While schools have reopened for understandable reasons in many places, this also increases the risk of spread. Our wearing masks when we are together means we are consciously not adding to that and other similar risks.

Challenge to Prepare and Pray
Finally, as our Archbishop has already challenged our clergy*, I challenge all of you to prepare yourselves for the mission field around us. Many are now seriously seeking God because their lives have been shaken on so many fronts. Pray, immerse yourselves in the Scriptures, and reach out in any way you can to those who need the Lord. 

Please also pray for so many who are affected by illness, fires, storms, economic hardship, injustice, violence and social upheaval. And intercede for those who sacrificially serve our communities by facing these challenges head on.

May the Lord Jesus bless you all.

In the love of the Messiah,


On September 15, Hurricane Sally made landfall on the Gulf Coast as a Category 2 storm. The Anglican Relief and Development Fund is already moving to send support into the area. For more information or to contribute, please visit: 
Almighty God, by your Word you laid the foundations of the earth, set the bounds of the sea, and still the wind and waves. Surround us with your grace and peace, and preserve us through the storms we face. By your Spirit, lift up those who have fallen, strengthen those who work to rescue or rebuild, and fill us with the hope of your new creation; through Jesus Christ our Lord. Amen
Strengthening Churches
I think you’d agree that in the Fall of 2020 in America we could all use more love. We could use more joy. More peace, more patience, more kindness, more goodness, faithfulness, gentleness, and self-control (especially on social media). Wouldn’t more of all those be beneficial to all of us? Those hopefully sound familiar since they are the fruits of the Spirit the Apostle Paul lists in Galatians 5:22-23. 

The theme verse for our diocesan synod on November 6-7 is, “Restore us again, O God of our salvation,” Ps. 85:4 (ESV). Much in our society and our churches need to be restored but both of those restorations start with the restoration of our own hearts and souls. If we want to see those fruits of the Spirit experienced more around us we must first make sure we are experiencing them in us. In Galatians 5:25, we are told how to experience the fruits of the Spirit more. It says, "If we live by the Spirit, let us also keep in step with the Spirit." Another way of saying that would be, if you are a born-again follower of Jesus, filled with the Holy Spirt, then do life with him. Do life with God.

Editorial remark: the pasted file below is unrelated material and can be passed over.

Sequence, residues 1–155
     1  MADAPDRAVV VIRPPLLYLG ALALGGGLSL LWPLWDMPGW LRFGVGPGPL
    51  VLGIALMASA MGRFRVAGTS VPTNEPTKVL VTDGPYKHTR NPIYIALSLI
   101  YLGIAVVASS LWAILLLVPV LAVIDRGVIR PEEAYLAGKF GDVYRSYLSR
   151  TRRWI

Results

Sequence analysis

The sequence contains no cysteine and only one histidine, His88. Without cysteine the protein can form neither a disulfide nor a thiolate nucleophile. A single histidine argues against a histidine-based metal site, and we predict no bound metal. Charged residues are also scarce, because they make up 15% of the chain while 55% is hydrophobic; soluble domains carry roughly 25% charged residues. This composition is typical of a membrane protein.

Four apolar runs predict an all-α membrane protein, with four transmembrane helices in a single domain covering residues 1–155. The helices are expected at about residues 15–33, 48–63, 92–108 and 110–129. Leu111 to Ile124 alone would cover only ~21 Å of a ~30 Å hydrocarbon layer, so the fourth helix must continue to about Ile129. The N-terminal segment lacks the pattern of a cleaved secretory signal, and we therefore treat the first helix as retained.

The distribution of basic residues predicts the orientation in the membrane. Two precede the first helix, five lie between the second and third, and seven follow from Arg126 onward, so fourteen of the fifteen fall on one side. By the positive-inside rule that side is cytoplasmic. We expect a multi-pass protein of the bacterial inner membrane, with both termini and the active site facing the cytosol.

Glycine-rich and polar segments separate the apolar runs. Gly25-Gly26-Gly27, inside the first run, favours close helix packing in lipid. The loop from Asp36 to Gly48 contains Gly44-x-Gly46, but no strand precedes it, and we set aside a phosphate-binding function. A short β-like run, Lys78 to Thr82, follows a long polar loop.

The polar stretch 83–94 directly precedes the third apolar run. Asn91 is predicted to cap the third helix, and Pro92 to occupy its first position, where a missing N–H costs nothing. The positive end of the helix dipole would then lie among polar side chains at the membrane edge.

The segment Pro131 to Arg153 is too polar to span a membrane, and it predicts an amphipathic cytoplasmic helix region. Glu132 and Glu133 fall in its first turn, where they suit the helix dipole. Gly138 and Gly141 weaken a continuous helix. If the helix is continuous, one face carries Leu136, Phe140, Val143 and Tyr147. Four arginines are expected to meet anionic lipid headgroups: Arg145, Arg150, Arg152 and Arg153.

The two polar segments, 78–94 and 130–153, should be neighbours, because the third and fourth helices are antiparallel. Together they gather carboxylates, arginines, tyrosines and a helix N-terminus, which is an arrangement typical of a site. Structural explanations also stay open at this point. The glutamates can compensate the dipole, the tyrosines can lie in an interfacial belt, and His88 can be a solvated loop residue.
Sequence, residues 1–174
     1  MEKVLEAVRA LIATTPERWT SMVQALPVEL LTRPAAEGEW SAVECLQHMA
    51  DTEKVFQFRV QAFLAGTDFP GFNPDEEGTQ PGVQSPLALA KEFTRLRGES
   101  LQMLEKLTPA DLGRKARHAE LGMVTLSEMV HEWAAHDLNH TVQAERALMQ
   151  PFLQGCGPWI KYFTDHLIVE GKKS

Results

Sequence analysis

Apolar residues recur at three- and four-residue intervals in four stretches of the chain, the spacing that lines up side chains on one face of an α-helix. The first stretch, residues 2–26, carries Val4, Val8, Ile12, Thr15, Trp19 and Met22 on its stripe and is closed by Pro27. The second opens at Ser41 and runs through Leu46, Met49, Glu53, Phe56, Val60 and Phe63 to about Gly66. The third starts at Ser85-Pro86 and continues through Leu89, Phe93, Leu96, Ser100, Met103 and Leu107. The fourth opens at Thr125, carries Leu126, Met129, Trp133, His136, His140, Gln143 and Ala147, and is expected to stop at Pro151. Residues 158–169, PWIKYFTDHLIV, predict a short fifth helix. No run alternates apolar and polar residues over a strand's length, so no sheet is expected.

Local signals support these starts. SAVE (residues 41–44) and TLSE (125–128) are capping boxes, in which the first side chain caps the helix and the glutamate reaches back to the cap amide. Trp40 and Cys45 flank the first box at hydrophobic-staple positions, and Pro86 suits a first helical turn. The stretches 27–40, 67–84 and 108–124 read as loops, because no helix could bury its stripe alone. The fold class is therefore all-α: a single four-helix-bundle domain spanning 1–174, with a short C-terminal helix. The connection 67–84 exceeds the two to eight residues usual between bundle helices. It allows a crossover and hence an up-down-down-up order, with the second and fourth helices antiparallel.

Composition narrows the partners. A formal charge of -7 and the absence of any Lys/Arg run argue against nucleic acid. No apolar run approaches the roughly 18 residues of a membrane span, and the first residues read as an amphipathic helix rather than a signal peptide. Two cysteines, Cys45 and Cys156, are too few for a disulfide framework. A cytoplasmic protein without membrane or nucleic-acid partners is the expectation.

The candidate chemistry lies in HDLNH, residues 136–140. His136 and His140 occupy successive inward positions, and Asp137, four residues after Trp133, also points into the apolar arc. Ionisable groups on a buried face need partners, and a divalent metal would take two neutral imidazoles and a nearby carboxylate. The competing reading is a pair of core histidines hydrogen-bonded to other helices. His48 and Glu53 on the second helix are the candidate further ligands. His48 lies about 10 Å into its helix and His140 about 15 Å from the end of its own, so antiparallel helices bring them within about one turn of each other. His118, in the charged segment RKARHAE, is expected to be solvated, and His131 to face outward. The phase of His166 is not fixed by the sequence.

Many are appropriately pointing others to Jesus’ words in Matthew 11:28-29 during these troubled times. Most of us are weary and burdened and long to have our souls restored. In that passage, Jesus says, “Come to me, all you who are weary and burdened, and I will give you rest. Take my yoke upon you and learn from me, for I am gentle and humble in heart, and you will find rest for your souls,” (NIV). Notice Jesus didn’t say, “come to church” or “come to a Bible Study” or “come to financial security” or “come to life’s circumstances being back to normal” to find rest for your souls. Although those are not bad things, what he did say is, “Come to me.” It’s in him that we restore our souls. It’s in being yoked to him that you learn to live life with love, joy, peace, patience, kindness, goodness, faithfulness, gentleness, and self-control in this wearisome world.

To take up Jesus' yoke is yet another way of saying to keep in step with him. Or, to do life with God. I once heard Dallas Willard describe his experience of growing up on a farm and watching horses being yoked together. He described how a young horse would be yoked to an older horse. The young horse would pull ahead with all its energy and the older horse would resist and just keep its steady pace. The young horse, becoming weary, would start to drag behind. But again, the older horse would resist and just keep its own steady pace. Finally, the young horse would figure out that if it just kept in step with the older horse it would go well for him. Similarly, when we try to do life apart from God, even as a believer, we find our souls out of sorts. But if we keep in step with Jesus, learn from him, do life with him, we will find rest for our souls.